We love heart. We always try and find some thread of heart to anchor our stories, whether you’re looking at like Skyscraper and a father trying to get back to his family, or Rampage, you know the relationship that DJ had with George. It’s just something that resonates with our belief in family values and heart, and that can anchor the story. That’s very important for us.

We also always like to make sure that audiences leave happy. In the earliest versions of Rampage when we first got it, there were attempts to kill George, the gorilla. And we’re like, “There’s no way we can kill George and leave audiences happy,” you know? He is such a beloved character, and his and Dwayne’s relationship was so special. We love to leave the audience happy, because ultimately, we know going to the movies is a form of escapism and ultimately, you kind of like to leave that movie feeling good and having had a good time and feeling a little bit better than when you went in there.

That’s something I wanted to ask you about too, because I thought that that was really interesting when Dwayne kind of said candidly that he fought very hard to have George live. Have there been other projects you guys have worked on that you guys have kind re-jiggered to bring it more in line with your overall philosophy?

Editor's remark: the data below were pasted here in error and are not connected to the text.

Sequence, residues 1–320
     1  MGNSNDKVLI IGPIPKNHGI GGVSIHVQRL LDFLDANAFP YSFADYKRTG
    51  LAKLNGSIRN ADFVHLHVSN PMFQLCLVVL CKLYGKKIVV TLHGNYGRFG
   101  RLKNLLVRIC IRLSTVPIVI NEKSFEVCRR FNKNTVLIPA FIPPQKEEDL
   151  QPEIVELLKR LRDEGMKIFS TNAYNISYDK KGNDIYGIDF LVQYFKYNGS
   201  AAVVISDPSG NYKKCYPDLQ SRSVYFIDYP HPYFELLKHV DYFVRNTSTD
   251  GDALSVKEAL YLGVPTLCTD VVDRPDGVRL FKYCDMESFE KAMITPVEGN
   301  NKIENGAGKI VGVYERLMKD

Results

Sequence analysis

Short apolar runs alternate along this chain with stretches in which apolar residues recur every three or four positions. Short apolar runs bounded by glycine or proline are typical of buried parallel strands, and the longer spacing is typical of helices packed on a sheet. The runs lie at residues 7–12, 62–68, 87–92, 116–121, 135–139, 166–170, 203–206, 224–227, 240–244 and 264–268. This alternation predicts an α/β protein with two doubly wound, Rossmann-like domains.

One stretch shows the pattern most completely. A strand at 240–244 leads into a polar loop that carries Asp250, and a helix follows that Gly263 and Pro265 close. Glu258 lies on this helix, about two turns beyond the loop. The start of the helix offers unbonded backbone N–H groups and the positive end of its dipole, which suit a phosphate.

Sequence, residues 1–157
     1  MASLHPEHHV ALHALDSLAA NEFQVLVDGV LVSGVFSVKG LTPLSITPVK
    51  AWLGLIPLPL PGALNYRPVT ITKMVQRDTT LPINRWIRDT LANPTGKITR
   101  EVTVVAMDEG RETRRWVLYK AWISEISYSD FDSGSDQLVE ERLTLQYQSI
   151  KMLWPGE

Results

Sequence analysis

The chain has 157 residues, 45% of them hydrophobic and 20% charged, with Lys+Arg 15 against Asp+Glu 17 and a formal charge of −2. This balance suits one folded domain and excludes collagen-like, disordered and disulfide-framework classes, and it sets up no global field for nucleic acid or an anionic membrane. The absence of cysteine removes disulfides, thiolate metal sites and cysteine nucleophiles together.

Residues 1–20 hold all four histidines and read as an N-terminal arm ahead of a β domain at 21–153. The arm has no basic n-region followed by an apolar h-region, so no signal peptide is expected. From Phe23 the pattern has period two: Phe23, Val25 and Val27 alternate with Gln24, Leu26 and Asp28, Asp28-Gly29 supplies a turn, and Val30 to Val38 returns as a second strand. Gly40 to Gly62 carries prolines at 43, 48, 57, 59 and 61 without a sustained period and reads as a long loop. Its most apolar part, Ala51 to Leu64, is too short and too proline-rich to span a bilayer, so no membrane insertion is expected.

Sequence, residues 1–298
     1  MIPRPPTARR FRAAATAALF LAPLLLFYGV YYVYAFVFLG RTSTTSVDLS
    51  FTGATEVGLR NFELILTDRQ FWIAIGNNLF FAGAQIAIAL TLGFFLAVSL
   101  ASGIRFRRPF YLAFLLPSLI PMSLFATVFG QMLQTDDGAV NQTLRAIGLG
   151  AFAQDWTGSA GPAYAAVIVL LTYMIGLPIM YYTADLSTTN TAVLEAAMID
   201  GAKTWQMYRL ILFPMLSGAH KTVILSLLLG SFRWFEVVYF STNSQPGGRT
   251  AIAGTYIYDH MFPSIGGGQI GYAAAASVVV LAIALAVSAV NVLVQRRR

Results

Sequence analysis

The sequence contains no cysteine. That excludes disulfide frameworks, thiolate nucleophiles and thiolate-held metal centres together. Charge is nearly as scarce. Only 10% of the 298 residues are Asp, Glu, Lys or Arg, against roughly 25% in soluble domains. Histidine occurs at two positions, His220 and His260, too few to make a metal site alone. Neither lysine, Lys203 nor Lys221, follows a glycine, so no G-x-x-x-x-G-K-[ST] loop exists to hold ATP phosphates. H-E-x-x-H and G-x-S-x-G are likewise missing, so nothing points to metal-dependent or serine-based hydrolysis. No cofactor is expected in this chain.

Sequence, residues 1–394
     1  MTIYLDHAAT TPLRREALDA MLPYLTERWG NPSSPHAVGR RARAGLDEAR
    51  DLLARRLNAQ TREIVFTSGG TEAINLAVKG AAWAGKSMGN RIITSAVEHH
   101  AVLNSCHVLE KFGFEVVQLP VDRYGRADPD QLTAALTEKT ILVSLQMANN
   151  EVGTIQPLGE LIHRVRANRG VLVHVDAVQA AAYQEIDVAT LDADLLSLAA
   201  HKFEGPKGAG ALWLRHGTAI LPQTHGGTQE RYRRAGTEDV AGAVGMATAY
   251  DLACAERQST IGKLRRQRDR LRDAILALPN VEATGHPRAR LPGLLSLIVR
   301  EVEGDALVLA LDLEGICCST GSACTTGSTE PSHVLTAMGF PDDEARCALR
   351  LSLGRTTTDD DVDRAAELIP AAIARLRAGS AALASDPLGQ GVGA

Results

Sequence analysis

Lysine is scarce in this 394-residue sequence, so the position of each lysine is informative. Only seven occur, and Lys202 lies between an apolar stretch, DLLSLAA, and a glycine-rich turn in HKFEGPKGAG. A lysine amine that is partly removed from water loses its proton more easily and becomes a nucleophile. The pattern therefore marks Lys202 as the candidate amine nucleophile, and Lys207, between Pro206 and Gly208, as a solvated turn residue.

GARCIA: Rampage was the one that sticks out the most. One, with us being huge animal lovers—I mean, you’re not going to find a team that loves animals more than Seven Bucks. We probably have like 15 dogs among us all, but I think that’s the one that stands out the most where we were like right away, flags went up, we’re like, “There’s no way that George can die at the end of this.” And that kind of is where we got to this point where we were able to have fun with the ending, because we know that there actually was an expectation—for some reason, those kinds of movies usually end with the animal or the special creature dying. So it kind of felt natural to put that in, and I think audiences naturally believed it and it was very fun to bring it back and let them see we were just playing.

But no, I can’t think of another movie, really, where there was just a discrepancy initially with the finale of the movie or something like that. But Rampage, for sure, was one where a lot of big feet, you know, me and Dwayne both have size 15 feet, so we slammed both of those things down. And we were like, “No way. Can’t happen.”